Another 77 deaths from COVID-19 have been confirmed, along with 1,910 new cases.
This brings the total number of deaths here to 2,947 and the total number of cases to 186,184.
Of the 77 deaths reported, 76 occurred this month and the median age of those who died was 84 years.
Of the 1,910 new cases, 710 occurred in Dublin, 150 in Cork, 103 in Meath, 102 in Limerick and 86 in Louth.
As of 2pm on Saturday, 1,892 people were in hospital with confirmed COVID, 217 of whom were in ICU. There had been 59 additional hospitalisations in the past 24 hours.
According to the Department of Health's chief medical officer, Dr Tony Holohan, thanks to the works of families and communities, "we are beginning to flatten the curve of COVID-19 infection".
"Each individual effort to follow the public health advice is making an impact, but we can only continue this positive trend and drive down incidence in the community by continuing to stay at home and avoid meeting or mixing with others in our social circle, including for any close family gatherings, such as birthdays or funerals, as these can be ‘super-spreader' events," he commented.
He reminded people that it is possible to have COVID-19 without displaying any symptoms, "so we all need to behave as though we are infectious and minimise our close contacts with others".
"If you suspect that you might be ill, isolate away from others in your household, let your close contacts know and come forward for testing as soon as possible," Dr Holohan added.
Earlier, the Irish Nurses and Midwives Organisation (INMO) insisted that hospital infection rates were "out of control". It noted that almost 2,000 healthcare workers have caught the virus over two weeks in outbreaks traced directly to their workplaces.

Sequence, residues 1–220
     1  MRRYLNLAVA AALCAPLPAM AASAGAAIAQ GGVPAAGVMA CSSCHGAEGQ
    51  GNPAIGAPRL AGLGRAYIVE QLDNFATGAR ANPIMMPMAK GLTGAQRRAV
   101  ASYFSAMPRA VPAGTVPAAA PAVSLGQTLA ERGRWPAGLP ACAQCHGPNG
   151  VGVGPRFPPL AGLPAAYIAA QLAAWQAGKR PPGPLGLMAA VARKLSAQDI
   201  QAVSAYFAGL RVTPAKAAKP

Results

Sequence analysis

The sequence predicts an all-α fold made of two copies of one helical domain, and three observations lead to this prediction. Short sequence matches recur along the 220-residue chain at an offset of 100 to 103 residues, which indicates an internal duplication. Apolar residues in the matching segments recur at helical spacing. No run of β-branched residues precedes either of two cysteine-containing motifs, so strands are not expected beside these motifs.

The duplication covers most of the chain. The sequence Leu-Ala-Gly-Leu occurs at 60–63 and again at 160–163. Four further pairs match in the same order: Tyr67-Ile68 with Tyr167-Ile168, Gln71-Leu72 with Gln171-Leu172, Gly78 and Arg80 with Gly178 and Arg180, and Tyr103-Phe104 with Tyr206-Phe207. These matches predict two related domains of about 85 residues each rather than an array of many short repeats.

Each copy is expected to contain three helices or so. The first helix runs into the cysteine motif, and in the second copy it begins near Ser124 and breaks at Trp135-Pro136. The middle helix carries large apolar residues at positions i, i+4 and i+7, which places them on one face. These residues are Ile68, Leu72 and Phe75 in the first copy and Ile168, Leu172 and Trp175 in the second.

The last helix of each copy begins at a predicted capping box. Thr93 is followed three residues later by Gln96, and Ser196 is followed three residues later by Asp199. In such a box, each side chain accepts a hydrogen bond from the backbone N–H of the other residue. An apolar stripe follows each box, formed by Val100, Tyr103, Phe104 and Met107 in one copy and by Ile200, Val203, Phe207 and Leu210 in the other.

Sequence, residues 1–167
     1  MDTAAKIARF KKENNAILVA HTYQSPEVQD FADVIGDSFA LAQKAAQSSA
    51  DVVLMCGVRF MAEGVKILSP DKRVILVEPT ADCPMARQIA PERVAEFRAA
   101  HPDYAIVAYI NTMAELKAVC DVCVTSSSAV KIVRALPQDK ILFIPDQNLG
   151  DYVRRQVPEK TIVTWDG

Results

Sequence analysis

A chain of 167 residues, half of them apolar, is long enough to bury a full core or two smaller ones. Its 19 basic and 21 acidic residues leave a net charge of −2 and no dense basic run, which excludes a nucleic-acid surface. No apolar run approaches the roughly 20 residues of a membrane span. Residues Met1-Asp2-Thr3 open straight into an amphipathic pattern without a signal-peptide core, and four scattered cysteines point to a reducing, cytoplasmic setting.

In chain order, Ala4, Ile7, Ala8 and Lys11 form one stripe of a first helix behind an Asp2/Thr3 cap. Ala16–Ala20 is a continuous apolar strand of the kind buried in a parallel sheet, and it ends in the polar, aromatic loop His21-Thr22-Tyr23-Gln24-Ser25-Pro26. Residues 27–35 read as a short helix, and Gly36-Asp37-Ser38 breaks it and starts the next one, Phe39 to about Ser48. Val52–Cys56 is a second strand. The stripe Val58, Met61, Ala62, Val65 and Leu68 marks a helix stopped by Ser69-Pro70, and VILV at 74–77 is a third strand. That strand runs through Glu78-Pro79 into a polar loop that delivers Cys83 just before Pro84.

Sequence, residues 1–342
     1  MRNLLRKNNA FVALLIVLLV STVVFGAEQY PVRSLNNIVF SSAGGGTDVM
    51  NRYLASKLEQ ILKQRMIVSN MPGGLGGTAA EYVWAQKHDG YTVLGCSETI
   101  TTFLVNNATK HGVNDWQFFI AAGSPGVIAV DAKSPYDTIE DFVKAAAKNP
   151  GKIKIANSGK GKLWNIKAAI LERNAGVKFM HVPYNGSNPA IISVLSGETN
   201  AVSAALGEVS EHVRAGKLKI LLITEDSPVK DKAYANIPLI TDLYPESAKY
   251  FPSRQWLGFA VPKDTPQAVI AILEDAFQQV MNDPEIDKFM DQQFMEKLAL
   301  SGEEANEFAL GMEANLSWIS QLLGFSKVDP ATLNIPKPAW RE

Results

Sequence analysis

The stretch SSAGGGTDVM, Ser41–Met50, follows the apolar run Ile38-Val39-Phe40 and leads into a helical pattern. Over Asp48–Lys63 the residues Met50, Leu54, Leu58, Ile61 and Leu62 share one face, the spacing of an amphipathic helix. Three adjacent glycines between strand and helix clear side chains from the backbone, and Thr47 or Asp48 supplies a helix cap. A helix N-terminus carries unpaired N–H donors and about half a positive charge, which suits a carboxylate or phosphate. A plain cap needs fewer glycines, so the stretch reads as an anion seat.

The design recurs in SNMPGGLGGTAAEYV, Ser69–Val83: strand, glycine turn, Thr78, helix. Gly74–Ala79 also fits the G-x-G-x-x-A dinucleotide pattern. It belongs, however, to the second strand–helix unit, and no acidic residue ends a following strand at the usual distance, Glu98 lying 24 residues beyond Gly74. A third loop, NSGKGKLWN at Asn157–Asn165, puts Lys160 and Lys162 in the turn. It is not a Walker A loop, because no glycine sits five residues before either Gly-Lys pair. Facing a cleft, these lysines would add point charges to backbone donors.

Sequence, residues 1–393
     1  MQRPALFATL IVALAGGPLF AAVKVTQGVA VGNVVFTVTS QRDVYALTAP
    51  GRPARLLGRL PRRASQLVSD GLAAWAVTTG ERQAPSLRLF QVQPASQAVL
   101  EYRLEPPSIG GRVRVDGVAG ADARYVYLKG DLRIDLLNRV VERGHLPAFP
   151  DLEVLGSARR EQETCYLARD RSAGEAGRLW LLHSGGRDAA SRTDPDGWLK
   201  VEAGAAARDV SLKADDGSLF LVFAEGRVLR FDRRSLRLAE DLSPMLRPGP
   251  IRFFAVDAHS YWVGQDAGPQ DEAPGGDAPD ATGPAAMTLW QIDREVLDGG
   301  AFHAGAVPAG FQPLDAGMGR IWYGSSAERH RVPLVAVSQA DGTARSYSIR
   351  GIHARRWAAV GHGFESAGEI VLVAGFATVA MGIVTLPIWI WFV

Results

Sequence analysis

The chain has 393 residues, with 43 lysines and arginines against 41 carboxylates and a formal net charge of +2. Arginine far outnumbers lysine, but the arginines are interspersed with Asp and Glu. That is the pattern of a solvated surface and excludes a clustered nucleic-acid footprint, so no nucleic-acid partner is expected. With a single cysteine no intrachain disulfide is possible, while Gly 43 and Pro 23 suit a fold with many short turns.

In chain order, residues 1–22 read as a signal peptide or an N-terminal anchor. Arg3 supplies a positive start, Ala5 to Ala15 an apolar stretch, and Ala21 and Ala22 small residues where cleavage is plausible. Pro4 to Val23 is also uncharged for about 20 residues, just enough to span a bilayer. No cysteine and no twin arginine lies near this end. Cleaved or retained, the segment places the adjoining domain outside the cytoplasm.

The organisation is calling for "urgent upgrades to safety measures", including:
-A national requirement that high-standard FFP2 masks are used in all healthcare settings, not just basic surgical masks
-That the distance between beds be increased from the current one metre minimum to two metres
-Regular COVID testing for all staff in healthcare settings on a rolling basis.
"We should not have to campaign for basic safety measures in our hospitals, yet we are seeing precious little progress from the HSE. Hospital infection rates are out of control. This is directly harming frontline staff and depleting rosters.
"The HSE need to take control and issue strong national guidance to increase safety standards. Our members are furious that while many wait to get even their first vaccine, HSE policy is leaving them exposed to the virus," commented INMO general secretary, Phil Ní Sheaghdha.
Discussions on this topic are now closed.